10 years after the Rana Plaza collapse: Bangladeshi garment industry still rife with exploitation

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On 23 April 2013, huge cracks appeared in the building known as Rana Plaza, located in Savar, an industrial city near Dhaka. People evacuated, and the ground-floor bank and shop remained closed the next day. But workers in the garment factory were ordered to continue working. Rana Plaza then collapsed, killing more than 1,100 people — most of them women. More than 2,500 people were injured, many still struggling with their life-changing injuries today. Just months earlier, at least 117 people died and over 200 were injured in the Tazreen Fashion factory fire, when building exits were locked. Both outlets made clothes for major international fashion brands.

The garment industry is central to the Bangladeshi economy. More than 80% of export earnings come from supplying cheap ready-made garments to be sold in rich countries around the world. Bangladesh is the second largest exporter of apparel, after China. Massive profits go to the competing corporate outfits running more than 4,500 factories, the global brands who subcontract to these factories and the big retail chains that sell the merchandise.

All of this wealth is made from the toil of 4.1 million garment workers — two-thirds of them women — who work long hours for minuscule wages. Bangladesh has some of the cheapest labour in the world with wages well below other countries in the region, including Myanmar, India, Sri Lanka, Pakistan, Cambodia, Indonesia and China.

Shaming the brands. The sheer scale of lives lost, the media exposure and the determination of solidarity activists who kept the issue in the public eye threw these image-conscious fashion marketeers into damage control. More than 200 companies signed the Accord on Fire and Building Safety, initiated by global labour organisations and Bangladeshi trade unions. Inspections led to the closures of at least 16 unsafe factories until safety measures were implemented.

The Accord obligates brand-name companies to disclose their suppliers and take responsibility for following safety codes and compensating for breaches. The Clean Clothes Campaign, one of four monitoring bodies, focuses on mobilising consumers to put pressure on the fashion companies to sign the agreement and adhere to it.

While useful, this approach is limited. First, it does not address the low wages. Second, responsibility for the sweatshop conditions in Bangladesh does not lie with working class consumers in Australia or elsewhere. The problem is the cut-throat capitalist market economy in which factory owners have to drive down costs in order to secure contracts by undercutting their competitors, both local and in other countries.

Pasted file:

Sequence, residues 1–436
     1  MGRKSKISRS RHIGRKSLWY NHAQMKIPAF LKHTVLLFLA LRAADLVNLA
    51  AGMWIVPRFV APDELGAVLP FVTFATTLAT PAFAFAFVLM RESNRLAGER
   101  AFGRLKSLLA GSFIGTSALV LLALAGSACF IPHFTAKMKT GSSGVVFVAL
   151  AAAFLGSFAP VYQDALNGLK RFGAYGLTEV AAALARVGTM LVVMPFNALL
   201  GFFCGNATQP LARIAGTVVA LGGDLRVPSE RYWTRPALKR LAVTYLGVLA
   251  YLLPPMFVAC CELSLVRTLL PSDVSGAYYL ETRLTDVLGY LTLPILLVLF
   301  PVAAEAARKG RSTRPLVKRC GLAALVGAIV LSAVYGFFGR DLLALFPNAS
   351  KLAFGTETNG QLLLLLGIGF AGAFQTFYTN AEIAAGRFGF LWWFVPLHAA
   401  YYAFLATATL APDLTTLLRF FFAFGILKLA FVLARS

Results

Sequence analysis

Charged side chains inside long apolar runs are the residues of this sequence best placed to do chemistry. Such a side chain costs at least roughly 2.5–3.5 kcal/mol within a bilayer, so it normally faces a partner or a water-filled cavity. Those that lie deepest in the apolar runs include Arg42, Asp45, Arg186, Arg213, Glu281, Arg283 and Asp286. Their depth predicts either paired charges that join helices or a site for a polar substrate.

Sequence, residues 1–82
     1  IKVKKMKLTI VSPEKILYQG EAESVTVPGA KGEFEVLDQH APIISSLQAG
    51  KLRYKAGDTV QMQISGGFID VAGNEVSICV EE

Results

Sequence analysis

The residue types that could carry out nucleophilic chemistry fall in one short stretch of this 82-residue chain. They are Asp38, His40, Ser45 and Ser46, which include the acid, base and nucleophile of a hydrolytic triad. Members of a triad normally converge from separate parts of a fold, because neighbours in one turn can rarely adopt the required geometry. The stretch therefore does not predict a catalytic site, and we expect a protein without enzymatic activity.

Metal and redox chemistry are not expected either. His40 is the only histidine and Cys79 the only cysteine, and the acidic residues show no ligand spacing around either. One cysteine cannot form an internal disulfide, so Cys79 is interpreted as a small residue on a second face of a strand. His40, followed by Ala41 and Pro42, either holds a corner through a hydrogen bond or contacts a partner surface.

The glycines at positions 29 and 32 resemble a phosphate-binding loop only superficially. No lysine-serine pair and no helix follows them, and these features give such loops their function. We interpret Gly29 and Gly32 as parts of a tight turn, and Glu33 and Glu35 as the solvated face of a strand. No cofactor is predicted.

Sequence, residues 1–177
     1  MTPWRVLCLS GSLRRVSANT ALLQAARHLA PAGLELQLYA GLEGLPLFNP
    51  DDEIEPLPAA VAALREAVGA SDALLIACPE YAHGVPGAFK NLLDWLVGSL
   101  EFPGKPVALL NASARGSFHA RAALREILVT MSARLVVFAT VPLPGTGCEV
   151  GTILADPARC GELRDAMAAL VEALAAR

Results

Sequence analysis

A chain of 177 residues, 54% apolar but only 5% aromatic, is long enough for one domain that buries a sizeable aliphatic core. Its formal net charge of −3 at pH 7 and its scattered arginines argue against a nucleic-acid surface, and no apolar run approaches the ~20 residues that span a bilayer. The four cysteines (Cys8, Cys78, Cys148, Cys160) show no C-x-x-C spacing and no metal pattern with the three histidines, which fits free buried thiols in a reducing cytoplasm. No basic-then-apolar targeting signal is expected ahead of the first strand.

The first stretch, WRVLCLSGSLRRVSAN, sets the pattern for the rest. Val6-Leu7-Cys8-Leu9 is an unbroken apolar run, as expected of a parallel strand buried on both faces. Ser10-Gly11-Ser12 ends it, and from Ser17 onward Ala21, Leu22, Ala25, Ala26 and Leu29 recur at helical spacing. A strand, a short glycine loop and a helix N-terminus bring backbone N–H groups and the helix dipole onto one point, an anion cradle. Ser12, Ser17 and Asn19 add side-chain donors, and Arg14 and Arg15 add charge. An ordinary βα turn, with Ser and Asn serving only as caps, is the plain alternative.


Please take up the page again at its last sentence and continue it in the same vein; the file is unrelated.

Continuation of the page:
Workers strike and protest. More powerful is the grassroots organising by Bangladeshi workers. In the months following the collapse of Rana Plaza, a strike wave unfolded, which brought 20% of garment factories to a halt. Regular strikes and protests, with pay increases the central demand, have been large and sustained over the decade. These won an increase in the minimum wage. But the capitalists, with their endless drive to reduce costs, used the COVID pandemic as a pretext for a wage cut.

Bangladesh is also a country harshly impacted by climate change. This creates a steady supply of new labour for the factories as the devastation of rising waters and persistent flooding drives villagers from their lands.

Today the country faces a worsening economic crisis. It’s a cracking dam ready to burst. The unrest amongst garment workers is intensifying over inadequate wages that sometimes go unpaid. Inflation reached 9.25% last year and continues to rise. Fuel prices were jacked up by 40% last August. Workers face daily power outages. The Awami League-led government, in power for four consecutive terms since 2009, is getting increasingly nervous about the rising mass opposition. Its response is repression, with police violence at protests and the use of water cannons and tear gas becoming more common.

In contrast, the wealthy in Bangladesh are doing well — the gap between the rich and the majority is ever-widening. According to the 2022 World Inequality Report, the richest 1% of the population get 16.3% of the national income, while the poorest half get just 17.1%.

The name, Rana Plaza, is often followed by the word “tragedy.” Those who survived say events should be characterised as murder, rather than a random tragic event. On the 10th anniversary, the question is: could this happen again? Yes, it could, despite the campaigns for safer garment production. Industry bosses still have to play by the rules of capitalist competition or go broke. Strengthening workers’ collective power to down tools, demand more pay, shorter hours and insist on workplace safety will have the greatest impact. And the best support that worker-consumers can give is international solidarity by flexing our union power.

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